If you want some space and time to ‘recover’ and restore your mental health, but also need an income, doing something where you don’t need to think too much, is a great option – but only temporarily while you have a break.
Once you are ready to move on, it’s time to think about your purpose, what drives you, what gives you job satisfaction? As a teacher it’s likely that you entered the teaching profession because you wanted to make a difference. What sort of difference would you like to make now?
Wouldn’t it be wonderful if you had meaningful work that made you feel competent, motivated, and valued, which left you with lots of time for yourself, your family, hobbies and even travel? Find out how here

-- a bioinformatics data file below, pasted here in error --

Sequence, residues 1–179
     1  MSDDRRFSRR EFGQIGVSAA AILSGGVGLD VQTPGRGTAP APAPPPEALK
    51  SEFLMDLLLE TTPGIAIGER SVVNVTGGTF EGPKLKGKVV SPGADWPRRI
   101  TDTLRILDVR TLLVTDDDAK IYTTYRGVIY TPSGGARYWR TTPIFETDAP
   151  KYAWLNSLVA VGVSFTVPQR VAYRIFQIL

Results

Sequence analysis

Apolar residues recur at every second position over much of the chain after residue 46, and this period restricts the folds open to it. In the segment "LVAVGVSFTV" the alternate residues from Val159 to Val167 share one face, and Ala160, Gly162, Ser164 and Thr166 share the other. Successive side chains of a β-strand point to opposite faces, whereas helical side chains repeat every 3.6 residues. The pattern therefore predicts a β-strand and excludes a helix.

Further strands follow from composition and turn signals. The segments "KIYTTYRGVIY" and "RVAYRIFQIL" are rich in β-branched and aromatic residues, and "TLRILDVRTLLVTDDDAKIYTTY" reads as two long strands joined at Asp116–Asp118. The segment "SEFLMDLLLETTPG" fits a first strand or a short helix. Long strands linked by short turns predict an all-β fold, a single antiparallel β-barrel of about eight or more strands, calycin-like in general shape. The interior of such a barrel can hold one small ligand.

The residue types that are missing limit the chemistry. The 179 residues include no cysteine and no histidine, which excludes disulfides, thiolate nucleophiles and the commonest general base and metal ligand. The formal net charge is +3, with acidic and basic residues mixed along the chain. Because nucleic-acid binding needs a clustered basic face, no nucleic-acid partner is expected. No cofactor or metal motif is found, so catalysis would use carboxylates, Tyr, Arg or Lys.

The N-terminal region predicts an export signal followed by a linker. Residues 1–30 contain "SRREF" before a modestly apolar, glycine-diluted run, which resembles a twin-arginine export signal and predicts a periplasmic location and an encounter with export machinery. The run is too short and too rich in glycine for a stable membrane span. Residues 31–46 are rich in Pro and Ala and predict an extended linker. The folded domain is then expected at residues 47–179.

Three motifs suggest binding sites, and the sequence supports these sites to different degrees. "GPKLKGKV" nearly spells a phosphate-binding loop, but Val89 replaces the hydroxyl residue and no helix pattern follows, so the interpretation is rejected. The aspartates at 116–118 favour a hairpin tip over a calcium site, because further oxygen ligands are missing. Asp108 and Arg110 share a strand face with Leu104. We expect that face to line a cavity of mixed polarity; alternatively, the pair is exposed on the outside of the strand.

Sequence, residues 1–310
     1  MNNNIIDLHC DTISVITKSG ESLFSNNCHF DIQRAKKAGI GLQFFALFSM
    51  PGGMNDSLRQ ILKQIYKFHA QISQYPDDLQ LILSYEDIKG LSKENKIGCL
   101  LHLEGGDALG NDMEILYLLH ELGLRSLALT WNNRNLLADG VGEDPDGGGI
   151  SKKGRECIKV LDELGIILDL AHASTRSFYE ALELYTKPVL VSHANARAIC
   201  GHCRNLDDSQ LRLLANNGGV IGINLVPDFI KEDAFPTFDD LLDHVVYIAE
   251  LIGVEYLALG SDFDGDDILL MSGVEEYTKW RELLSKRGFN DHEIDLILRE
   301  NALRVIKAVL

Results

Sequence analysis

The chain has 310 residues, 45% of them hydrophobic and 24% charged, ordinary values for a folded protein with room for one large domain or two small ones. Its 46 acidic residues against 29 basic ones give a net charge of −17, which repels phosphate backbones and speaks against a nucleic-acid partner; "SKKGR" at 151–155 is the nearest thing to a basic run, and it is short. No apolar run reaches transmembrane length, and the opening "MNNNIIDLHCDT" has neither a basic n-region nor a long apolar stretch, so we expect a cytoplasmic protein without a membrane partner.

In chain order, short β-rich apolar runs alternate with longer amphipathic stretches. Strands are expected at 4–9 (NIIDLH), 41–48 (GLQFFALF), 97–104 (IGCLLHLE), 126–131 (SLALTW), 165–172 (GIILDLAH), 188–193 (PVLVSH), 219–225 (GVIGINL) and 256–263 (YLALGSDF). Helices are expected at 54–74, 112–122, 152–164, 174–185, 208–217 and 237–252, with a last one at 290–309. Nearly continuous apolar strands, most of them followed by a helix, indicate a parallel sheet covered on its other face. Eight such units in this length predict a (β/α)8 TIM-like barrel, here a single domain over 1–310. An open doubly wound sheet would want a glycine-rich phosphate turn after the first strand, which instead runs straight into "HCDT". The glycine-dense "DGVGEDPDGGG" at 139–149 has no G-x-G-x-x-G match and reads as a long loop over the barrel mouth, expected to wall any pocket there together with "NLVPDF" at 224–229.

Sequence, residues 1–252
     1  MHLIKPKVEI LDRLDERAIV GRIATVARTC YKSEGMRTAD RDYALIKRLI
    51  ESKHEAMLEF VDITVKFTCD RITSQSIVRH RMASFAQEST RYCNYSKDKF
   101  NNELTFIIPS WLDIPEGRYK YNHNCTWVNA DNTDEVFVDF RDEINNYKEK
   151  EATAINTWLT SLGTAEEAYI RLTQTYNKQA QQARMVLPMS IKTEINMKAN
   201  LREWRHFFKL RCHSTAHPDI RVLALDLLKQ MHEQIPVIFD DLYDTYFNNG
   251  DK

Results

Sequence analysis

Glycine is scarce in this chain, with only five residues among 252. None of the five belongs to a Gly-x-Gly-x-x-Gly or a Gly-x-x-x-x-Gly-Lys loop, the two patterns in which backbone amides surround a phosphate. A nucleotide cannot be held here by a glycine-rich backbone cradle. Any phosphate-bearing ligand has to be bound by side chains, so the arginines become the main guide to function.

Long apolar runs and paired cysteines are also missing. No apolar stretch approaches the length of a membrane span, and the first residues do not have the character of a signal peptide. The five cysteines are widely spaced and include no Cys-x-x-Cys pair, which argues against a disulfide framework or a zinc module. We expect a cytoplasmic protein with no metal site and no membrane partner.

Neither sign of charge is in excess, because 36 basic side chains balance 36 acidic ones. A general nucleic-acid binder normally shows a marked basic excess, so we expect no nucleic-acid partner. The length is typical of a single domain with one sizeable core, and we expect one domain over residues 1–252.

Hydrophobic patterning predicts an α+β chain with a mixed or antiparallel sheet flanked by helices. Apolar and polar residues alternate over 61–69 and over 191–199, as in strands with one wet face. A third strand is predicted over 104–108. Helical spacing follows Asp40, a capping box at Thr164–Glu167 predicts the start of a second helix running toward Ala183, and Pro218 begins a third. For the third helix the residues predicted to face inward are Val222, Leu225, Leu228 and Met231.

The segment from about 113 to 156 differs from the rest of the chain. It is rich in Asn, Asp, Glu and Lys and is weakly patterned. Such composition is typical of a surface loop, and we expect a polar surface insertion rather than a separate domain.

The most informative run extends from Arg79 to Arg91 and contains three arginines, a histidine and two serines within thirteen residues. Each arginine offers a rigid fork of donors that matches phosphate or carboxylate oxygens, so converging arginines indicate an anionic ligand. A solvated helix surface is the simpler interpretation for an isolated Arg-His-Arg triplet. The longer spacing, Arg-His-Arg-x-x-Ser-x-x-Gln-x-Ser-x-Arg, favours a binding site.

3. Underestimating what you have to offer.
These are some of the things teachers have said to me.
“What can I do besides teach? I feel like that’s ALL I am trained to do. “I am just a teacher I have no other skills or experience”
You may be like many teachers and think that the only thing you can do is teach. How wrong you are. The truth is teachers have a large number of transferable skills. Even the skill of teaching can be broken down into many separate skills.
But we all know that teachers do far more than teaching (or imparting knowledge) both inside and outside the classroom.
Understanding your transferable skills and then working out how to translate them into the non-education world is key to getting a job outside of the classroom.
Identifying your transferable skills
One way to identify your specific skills, is to do an audit of what you do as a teacher every day. Divide your working day into 15-minute intervals (include all after hours work here too) and record exactly what you did during those 15 minutes. At the end of the day ‘translate’ those activities into a non-teaching skill.
You will probably be surprised at the number and range of different skills you use.
Converting or translating your teaching related skills into general work-related skills.